Online Sources in the Classroom

15 August 2012

[A response to this post by James F. McGrath]

In 1995 I started my first personal webpage, which I used to publish information on ancient history. It was the beginning of the website that is now called Livius.org. One of the first pieces was a translation of the Behistun Inscription, which was almost immediately copied on the website of a major American university. Because I realized that my website was apparently useful, I decided to improve my articles by adding references to good books.

Somewhere in 1997 (if I recall correctly), I received an e-mail with a letter by four American universities, requesting me to stop adding these references, because my pages were copied by students and presented as assignments. Always wanting to help scholars, I obliged. This means that although I do my best to summarize the communis opinio, or to offer the best interpretation of a given text or event, no user can check the quality of my webpages.

Now the main point of science and scholarship is that the information is not just someone’s opinion, but that it is based on (a) established facts and (b) a well-understood explanatory model (hermeneutics, positivism, comparativism, narrativism, physics of society). And the main point of a popularizing website on ancient history is not that it presents the facts, but that it explains to the people that they must always check the facts and understand the explanatory model. By obliging to the universities’ request, and leaving out what was vital, I essentially killed my own website.

My website is, for me, some kind of open nerve. By trying to help the universities, I missed a chance to make something really useful. When the Dutch classicists and ancient historians offered me an award, I had very, very mixed feelings. Of course a compliment is nice, but people who offer a scholarly award to a website that does not meet the basic requirements, prove that they do not understand what explaining history to a larger audience is all about. That rather diminished the value of the compliment, and I was happier when the Dutch classicists and historians invited me to a meeting to explain a couple of things.

If students cannot check the information – if they cannot know how the facts have been established and which explanatory model is used – students must avoid a website. That’s the first basic lesson. This means that in the present situation, students must just avoid the internet and check their library. Books are a far better source of reliable information.

But there is a more important thing. There used to be a time, not so long ago, that the universities “sent out” information, which society “received”. This is the “sender-receiver model”. The internet now  offers society a possibility to talk back: the “debate model”. Look at the Wikipedia, where activists can change articles to make them suit their own agendas. Or, if activists create a lot of noise, they can silence the voice of reasonable scholars. Communication of scientific and scholarly information has become a debate, and occasionally a shouting match.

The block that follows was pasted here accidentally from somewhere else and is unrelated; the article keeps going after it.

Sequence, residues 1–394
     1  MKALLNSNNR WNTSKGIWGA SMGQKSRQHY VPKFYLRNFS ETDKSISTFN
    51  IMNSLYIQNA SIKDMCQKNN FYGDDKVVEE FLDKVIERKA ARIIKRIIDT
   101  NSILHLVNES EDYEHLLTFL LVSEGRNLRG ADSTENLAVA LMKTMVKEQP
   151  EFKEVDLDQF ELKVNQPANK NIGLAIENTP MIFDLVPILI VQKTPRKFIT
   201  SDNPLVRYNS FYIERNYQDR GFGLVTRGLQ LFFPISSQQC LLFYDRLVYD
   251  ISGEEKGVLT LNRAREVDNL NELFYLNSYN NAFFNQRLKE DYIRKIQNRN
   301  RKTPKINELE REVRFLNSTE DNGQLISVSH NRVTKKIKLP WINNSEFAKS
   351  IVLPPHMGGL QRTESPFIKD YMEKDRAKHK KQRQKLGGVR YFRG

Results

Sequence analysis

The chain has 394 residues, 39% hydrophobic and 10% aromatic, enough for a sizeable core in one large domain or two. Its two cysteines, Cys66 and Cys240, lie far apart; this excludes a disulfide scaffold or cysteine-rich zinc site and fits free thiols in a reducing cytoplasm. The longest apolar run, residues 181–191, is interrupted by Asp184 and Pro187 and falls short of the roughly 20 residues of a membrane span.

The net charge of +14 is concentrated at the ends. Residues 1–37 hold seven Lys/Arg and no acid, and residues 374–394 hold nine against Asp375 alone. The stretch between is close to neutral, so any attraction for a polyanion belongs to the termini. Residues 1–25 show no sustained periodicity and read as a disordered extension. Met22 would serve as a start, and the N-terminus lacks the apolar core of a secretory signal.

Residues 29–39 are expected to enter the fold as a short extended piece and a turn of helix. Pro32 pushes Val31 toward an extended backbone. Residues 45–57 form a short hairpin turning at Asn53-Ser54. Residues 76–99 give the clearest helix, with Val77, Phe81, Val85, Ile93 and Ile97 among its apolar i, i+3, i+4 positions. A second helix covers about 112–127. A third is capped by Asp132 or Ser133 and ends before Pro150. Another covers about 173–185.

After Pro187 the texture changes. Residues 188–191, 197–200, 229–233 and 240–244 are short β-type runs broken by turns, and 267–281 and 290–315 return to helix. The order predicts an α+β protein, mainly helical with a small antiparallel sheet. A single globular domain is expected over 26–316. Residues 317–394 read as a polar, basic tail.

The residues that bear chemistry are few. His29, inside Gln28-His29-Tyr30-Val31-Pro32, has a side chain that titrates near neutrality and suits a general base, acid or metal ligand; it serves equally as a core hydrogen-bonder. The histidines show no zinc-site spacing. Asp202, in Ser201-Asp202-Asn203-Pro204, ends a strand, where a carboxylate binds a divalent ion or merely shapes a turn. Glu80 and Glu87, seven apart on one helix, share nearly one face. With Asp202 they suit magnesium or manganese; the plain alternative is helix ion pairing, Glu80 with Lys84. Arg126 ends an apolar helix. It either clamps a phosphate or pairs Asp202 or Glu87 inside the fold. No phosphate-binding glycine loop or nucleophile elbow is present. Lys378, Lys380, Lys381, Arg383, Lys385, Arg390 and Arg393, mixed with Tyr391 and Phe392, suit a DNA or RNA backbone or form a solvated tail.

In the perfect situation, a bona fide scholar and an activist will both refer to their sources, and can establish what is correct – or comes closest to being correct. Unfortunately, there is no level playing field. After all, bona fide scholarly articles are to be found on pay sites, so in an online debate, the bona fide scholar cannot refer to them.

An example can be found in my own country, where we used to have a minister of Education, Culture, and Science named Maria van der Hoeven, who is on record with some favorable remarks about Intelligent Design. We learned that the woman responsible for our higher education did not understand what the “incompleteness of a theory” meant. There were many publications by professional biologists and other scientists, and there were evangelical Christians who defended the minister. There’s nothing wrong with that, but if I now want to find information about this, I can easily find the Christian information, while the other publications are all behind pay walls. You get the impression that she is the victim of a smear campaign by unthinking scientists. Their voices have been silenced. The second basic lesson about online information is that as long as there is no free access, bad information drives out good. And to some fields of research, the damage is already done.

To sum up: at this moment there is no good reason why students should use the internet. Let’s face it: the internet has failed.


Citizens and Scholars

28 February 2012

In my previous post, I explained why the study of Antiquity matters. However, if you take a look at the list of reviews in the Bryn Mawr Classical Review (here), you get an idea what ancient historians, classicists, and archaeologists are actually investigating. It’s not a pleasant sight. The man in the street will regard most subjects as completely irrelevant. It is almost never explained how the grand theories of the humanities shape our society (see previous post again). Sometimes, the subjects are given relevance either by making comparisons or by postulating continuities, but the rise of the social sciences has made both approaches problematic.